Experimental Design in Statistics

The term experimental design refers to a plan for assigning experimental units to treatment conditions. A good experimental design serves three purposes.


  • Causation. It allows the experimenter to make causal inferences about the relationship between independent variables and a dependent variable.

  • Control. It allows the experimenter to rule out alternative explanations due to the confounding effects of extraneous variables (i.e., variables other than the independent variables).

  • Variability. It reduces variability within treatment conditions, which makes it easier to detect differences in treatment outcomes.

An Experimental Design Example

Consider the following hypothetical experiment. Acme Medicine is conducting an experiment to test a new vaccine, developed to immunize people against the common cold. To test the vaccine, Acme has 1000 volunteers - 500 men and 500 women. The participants range in age from 21 to 70.

In this lesson, we describe three experimental designs - a completely randomized design, a randomized block design, and a matched pairs design. And we show how each design might be applied by Acme Medicine to understand the effect of the vaccine, while ruling out confounding effects of other factors.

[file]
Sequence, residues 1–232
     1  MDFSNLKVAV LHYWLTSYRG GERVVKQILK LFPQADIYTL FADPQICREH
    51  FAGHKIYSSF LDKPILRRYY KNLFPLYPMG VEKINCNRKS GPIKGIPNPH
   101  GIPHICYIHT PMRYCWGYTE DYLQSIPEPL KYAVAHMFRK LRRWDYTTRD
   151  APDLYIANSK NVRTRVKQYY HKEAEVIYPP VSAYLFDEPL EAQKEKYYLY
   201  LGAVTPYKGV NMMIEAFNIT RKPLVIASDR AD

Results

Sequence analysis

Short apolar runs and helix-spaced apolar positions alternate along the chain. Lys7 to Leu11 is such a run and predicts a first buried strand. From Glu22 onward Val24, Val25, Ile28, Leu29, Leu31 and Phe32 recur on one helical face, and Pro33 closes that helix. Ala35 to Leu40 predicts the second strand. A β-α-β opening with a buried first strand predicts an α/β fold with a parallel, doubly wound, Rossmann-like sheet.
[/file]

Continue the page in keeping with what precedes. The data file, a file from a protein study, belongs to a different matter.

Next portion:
Completely Randomized Design

The completely randomized design is probably the simplest experimental design, in terms of data analysis and convenience. With this design, participants are randomly assigned to treatments.

Treatment
Placebo Vaccine
500 500

A completely randomized design layout for the Acme Experiment is shown in the table to the right. In this design, the experimenter randomly assigned participants to one of two treatment conditions. They received a placebo or they received the vaccine. The same number of participants (500) were assigned to each treatment condition (although this is not required). The dependent variable is the number of colds reported in each treatment condition. If the vaccine is effective, participants in the "vaccine" condition should report significantly fewer colds than participants in the "placebo" condition.